Dialogue is important because the whole advert is a telephone conversation. But even though without the dialogue the advert wouldn't be funny the camera angles enhance it and make it more effective. The wording chosen in the dialogue, such as 'Sweet dreams! ' Makes Peter Kay seem even more insensitive and ignorant to what he's saying. Overall the advert is realistic and naturalistic because it's set in an every day situation that most people have been in. This is important because the target consumer needs to relate to the people and the setting.
I like this advert because as in the previous one it portrays humour while giving information. Peter Kay is generally funny any way, but by giving him the right dialogue and putting him in a certain situation it's a humorous event. Another in the series is set again in a restaurant, similarly to the previous restaurant setting the lighting and the music all add to the authenticity of the surroundings. The same people as in the previous advert are chatting about children growing up fast. Peter Kay's contribution to the conversation is to say his daughter asked how babies were made.
The camera moves in for a close up on his partner's expression as she asks, expecting the worst, "And what did you say? " The close up shot as well as the tone of his partners voice add to the effectiveness and humour. We expect, as they do, he is going to say something totally inappropriate. He launches into the graphic sexual description he gave his daughter using adult terms such as, "vagina", "sperm" and "erect penis". To make his description more humorous and graphic he uses his sheesh kebab as a visual aid to demonstrate the sexual act.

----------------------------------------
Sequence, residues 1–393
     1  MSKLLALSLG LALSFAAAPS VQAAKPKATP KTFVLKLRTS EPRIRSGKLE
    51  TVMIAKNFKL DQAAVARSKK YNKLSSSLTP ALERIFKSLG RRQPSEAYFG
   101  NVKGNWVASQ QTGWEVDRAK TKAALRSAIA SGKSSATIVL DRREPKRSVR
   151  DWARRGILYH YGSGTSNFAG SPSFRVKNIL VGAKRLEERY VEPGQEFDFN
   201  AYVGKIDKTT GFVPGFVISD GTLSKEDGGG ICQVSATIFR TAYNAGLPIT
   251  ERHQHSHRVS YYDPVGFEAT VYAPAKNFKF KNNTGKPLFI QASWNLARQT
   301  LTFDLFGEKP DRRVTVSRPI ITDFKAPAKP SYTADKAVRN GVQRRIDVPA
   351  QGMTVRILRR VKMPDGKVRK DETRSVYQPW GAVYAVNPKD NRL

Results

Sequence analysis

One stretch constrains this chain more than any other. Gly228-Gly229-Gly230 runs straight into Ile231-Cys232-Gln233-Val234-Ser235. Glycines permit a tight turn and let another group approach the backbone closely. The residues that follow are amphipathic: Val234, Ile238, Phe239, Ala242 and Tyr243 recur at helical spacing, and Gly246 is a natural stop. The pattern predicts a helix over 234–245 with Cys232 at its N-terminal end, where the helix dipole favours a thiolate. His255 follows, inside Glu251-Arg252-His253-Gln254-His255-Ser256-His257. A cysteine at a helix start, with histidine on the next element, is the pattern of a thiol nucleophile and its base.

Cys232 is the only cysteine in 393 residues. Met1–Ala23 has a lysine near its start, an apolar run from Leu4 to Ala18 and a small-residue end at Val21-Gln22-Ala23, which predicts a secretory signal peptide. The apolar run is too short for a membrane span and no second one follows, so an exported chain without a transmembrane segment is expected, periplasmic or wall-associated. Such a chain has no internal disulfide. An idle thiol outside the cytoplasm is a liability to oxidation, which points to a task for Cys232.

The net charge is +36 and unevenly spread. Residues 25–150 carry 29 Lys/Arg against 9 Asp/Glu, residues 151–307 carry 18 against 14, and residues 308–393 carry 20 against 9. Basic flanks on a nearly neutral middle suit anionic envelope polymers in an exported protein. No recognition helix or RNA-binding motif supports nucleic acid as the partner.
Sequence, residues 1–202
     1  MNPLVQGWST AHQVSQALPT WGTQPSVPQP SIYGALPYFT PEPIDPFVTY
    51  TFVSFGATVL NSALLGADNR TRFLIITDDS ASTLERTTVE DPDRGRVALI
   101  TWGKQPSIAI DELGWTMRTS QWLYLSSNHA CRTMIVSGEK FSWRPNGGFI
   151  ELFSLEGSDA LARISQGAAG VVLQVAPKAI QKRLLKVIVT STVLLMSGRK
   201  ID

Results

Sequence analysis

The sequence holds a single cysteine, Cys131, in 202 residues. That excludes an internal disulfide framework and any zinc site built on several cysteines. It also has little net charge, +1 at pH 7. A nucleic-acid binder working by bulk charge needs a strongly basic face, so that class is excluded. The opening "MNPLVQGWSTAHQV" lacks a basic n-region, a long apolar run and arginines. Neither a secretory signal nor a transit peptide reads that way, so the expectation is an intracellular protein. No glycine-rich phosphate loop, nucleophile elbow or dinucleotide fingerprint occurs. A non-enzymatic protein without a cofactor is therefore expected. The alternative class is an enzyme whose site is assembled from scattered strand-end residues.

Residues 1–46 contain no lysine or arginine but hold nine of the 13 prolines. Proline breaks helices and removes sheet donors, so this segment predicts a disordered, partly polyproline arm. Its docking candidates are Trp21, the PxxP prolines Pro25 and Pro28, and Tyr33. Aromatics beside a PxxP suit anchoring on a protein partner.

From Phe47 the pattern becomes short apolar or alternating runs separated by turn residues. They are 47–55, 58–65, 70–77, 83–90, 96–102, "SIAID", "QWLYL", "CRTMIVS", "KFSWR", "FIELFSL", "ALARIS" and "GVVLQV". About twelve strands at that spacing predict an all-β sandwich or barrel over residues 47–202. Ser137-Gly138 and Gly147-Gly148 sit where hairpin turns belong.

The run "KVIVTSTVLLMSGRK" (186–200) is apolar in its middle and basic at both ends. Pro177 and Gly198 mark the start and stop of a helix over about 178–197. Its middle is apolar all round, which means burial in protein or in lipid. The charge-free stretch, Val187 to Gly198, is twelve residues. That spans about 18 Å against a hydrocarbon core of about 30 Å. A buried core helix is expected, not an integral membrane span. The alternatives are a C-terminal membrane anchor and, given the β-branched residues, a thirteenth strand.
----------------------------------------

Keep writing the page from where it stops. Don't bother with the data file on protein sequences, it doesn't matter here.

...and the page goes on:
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The humour is increased as he eats the kebab at the end. Everything in the restaurant stops abruptly, the music and all background noise. All the people around assume a shocked posture. This is effective in showing just how tactless he has been The humour used in this case is quite visual, with the use of close ups on facial expressions to show peoples reactions. The advert is effective because it's set in a familiar environment, which we can relate to. This twinned with Peter Kay's humour make for all round appeal.
Within the advert the suggestion to buy the beer was explicit, people are drinking in the restaurant and at the end of the advert we are shown a pint of bitter and two bhaji's. This symbolism continues the sexual theme, with the bitter appearing as a phallic symbol. The dialogue of the advert is effective because it is explicit without being offensive and remains humorous. The advert appeals to the stereotypical consumer of the product because, as before, it is showing a typical association e. g. beer and curry. Another appeal is Peter Kay portraying the typical stereotypical beer drinking man.
I liked the advert because it showed Kay doing what he does best, which is acting innocent as he says something socially unacceptable. Additionally, another advert I'm going to be analysing is the 'football' advert. It takes places in the day (we know this because of the lighting) on a football pitch, but we don't know this till later on. Straight away we are shown a birds eye view of footballers with professional skills. We only hear the patting of the football while constantly following the ball being controlled from player to player.
We then see an immediate contrast of Peter Kay when he suddenly boots the ball as hard and far as he can, giving a comparison of skilled and unskilled. The quick changed in camera view enhances this contrast, we see a more distant shot, and so we are able to see the player's whole body. Peter Kay then remarks, "Have it! " As if he's pleased with the unskilled kick. This stupidity adds to the humour. We then see the facial expressions of the other footballers that don't look impressed. They maintain a shocked posture adding to the impact of Peter Kay's reckless behaviour.